I’ve struggled with perfectionism to some degree or another for most of my life. In middle school, my perfectionism became nearly obsessive compulsive: I would trace over the letters on my homework to make sure they were all the same height, and if a line seemed to be slanting up or down, I’d white it out and rewrite it, sometimes even multiple times. Thankfully(?), the sheer amount of work assigned in high school more or less demanded that I let go of that particular obsession, but my perfectionism always seems to find other ways to manifest itself.
Case in point: writing a food blog. There are just so many things to obsess over: the recipes themselves, the food styling, the photography, etc. I’ve been sitting on the recipe for this easy chocolate tiramisu since June because I wanted to take another stab at the styling and then reshoot the photos. I wasn’t happy with how the chocolate pudding discolored the edges of the cream or how the layers kind of smushed together when I cut into it. Several tiramisus later, I realized that I personally am not capable of producing a picture-perfect slice of tiramisu without resorting to weird styling tricks that would render the dessert wholly inedible. The perfectionism monster inside of me pouted a little bit, but you know what? It’s okay, because it’s freaking delicious.
After making a mixed berry tiramisu earlier this year, I had some extra ladyfingers and decided to make a slightly more traditional version. But then I realized that many classic tiramisu recipes involved either a bunch of raw eggs—in addition to being a perfectionist, I’m also quite paranoid about food safety, so that was a firm no—or mixing up a custard while standing over the stove, and ain’t nobody this lady got time for that. Actually, I did have time. I was just too lazy. So instead I whipped up a chocolate pudding mix I found buried in the pantry, and thus a chocolate tiramisu was born! It’s soft and spongy, creamy and chocolatey, and wonderfully simple to make—no heat required!
As you may have noticed, I’ve taken a few weeks off from posting in the last month. I’ve found myself a little low on creative juices lately, and I think it’s better to skip a week every so often than to publish recipes that I’m not terribly excited about. But don’t worry—I’ve got some tasty fall dishes in the works and I’m looking forward to sharing them with you!
Do you consider yourself a perfectionist? What are the strangest or most extreme things your perfectionism has driven you to do?
- 1 small (3-4 ounces) package chocolate pudding mix, prepared
- 1 1/2 cups heavy cream
- 8 ounces mascarpone or cream cheese, at room temperature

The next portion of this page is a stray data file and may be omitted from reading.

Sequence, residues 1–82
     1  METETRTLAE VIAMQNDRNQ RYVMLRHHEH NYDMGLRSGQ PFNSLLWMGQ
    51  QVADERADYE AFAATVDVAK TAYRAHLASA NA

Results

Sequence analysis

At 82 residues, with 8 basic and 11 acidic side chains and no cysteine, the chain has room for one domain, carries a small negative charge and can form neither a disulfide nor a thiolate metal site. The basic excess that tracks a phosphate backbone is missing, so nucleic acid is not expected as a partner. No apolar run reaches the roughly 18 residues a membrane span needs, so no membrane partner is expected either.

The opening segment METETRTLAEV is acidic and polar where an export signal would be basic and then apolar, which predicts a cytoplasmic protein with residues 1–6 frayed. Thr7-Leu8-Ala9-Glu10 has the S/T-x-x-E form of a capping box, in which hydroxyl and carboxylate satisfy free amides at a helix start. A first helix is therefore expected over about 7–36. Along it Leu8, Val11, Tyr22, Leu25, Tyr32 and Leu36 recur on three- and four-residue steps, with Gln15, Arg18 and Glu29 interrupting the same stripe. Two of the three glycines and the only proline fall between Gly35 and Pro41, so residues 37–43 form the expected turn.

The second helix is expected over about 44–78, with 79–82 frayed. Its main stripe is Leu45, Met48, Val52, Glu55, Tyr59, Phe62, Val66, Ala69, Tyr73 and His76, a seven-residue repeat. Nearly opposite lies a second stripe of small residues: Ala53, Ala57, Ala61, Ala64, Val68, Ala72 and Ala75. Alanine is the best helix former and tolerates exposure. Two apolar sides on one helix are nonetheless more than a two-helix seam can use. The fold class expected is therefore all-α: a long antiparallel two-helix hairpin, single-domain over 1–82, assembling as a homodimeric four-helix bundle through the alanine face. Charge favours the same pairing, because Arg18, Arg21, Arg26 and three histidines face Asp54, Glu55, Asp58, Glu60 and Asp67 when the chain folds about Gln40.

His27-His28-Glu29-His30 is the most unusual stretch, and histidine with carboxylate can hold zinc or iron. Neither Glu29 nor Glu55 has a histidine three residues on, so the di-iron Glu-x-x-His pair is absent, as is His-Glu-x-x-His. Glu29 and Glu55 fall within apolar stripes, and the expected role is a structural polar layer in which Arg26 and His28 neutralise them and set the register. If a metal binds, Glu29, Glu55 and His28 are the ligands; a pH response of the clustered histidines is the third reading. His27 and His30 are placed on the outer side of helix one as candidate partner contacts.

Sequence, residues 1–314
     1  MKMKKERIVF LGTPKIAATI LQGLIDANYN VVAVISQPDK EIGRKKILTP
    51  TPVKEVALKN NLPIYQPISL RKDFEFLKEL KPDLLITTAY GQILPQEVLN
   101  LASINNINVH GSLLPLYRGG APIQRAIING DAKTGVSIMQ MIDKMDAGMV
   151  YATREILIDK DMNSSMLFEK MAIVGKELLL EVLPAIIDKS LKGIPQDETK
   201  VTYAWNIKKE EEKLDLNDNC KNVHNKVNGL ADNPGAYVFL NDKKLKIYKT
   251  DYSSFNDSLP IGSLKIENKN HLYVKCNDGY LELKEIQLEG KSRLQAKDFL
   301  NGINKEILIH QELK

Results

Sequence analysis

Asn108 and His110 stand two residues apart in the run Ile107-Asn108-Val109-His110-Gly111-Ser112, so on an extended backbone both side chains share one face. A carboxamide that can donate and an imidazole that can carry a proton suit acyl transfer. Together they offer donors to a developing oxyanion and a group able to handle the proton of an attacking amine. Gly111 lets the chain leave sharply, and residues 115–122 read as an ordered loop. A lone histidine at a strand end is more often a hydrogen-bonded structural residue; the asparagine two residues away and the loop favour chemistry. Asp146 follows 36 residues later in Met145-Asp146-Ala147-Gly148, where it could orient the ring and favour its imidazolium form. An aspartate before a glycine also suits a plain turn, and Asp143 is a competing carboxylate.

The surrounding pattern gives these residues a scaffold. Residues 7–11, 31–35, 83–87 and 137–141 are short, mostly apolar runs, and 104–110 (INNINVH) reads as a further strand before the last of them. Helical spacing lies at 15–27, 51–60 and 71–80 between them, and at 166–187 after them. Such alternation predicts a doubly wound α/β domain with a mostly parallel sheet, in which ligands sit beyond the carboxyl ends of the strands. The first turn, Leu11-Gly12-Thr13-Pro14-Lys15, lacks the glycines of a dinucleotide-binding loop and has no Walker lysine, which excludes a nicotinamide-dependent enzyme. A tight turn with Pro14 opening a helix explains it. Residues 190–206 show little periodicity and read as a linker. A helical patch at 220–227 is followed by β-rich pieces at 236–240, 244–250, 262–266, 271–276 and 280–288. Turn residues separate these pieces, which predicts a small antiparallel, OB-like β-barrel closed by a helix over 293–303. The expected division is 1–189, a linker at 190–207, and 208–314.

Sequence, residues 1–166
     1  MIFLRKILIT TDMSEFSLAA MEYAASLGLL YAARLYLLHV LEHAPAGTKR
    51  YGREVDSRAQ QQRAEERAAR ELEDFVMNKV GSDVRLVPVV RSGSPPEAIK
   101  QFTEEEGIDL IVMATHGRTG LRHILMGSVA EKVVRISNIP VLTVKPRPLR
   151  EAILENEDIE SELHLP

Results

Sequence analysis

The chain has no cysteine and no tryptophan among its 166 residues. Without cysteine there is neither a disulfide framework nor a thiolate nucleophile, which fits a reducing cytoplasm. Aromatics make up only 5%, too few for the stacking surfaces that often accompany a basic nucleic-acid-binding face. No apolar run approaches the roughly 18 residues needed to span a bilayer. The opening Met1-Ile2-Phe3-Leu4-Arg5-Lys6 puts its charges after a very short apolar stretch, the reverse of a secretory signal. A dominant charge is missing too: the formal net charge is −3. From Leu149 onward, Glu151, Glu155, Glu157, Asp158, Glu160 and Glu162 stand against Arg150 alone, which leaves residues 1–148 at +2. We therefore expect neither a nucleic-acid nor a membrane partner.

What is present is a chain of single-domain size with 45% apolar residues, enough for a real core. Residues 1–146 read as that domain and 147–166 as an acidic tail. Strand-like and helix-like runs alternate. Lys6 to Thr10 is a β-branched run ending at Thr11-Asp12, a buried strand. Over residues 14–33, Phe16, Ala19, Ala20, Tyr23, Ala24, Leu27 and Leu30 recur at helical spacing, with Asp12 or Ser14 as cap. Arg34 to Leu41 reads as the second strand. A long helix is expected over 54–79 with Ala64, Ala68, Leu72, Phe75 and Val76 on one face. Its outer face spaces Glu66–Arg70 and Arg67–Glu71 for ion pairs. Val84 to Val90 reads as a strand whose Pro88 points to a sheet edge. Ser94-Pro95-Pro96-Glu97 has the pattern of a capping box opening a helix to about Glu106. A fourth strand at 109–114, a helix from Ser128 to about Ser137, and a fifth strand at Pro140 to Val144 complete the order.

- 3 tablespoons powdered sugar
- 2 teaspoons vanilla extract
- 1 7-ounce package ladyfingers
- 1/2 cup coffee
- 1 tablespoon amaretto
- cocoa powder for dusting (optional)
- Prepare the chocolate pudding mix according to the directions on the package.
- In the bowl of a mixer, combine the heavy cream, mascarpone (or cream cheese), powdered sugar, and vanilla extract. Be sure that the mascarpone is softened sufficiently, or you may end up with lumps in the whipped cream mixture. Using the whisk attachment, beat until smooth (you may have to run a spatula around the sides and the whisk once or twice in the beginning) and peaks form.
- If needed, cut the ladyfingers so that they fit into a 9x9 baking pan.
- Place the coffee and amaretto in a shallow dish or bowl. Holding a ladyfinger horizontally, dip one half of it quickly (less than 1 second) into the liquid. Place it, dipped side facing up, in the bottom of the baking pan. Repeat with half of the ladyfingers, until the bottom of the pan is covered (I do 2 rows of 6 ladyfingers).
- Spread up to half of the prepared chocolate pudding over the ladyfingers. Spread half of the whipped cream mixture over the pudding. Using the method described in step 4, dip the remaining ladyfingers and place them on top of the whipped cream mixture (facing the opposite direction of the first layer of ladyfingers). Top with another layer of chocolate pudding (if you don’t use all of it, that’s okay) and the remaining whipped cream mixture.
- Cover and refrigerate for 4-8 before serving. Optional: dust individual portions with cocoa powder.
- I use Hershey’s special dark chocolate pudding mix, which comes in a package of 3.56 ounces. You can also use a 3.9 ounce package, but you won’t need to use all of it.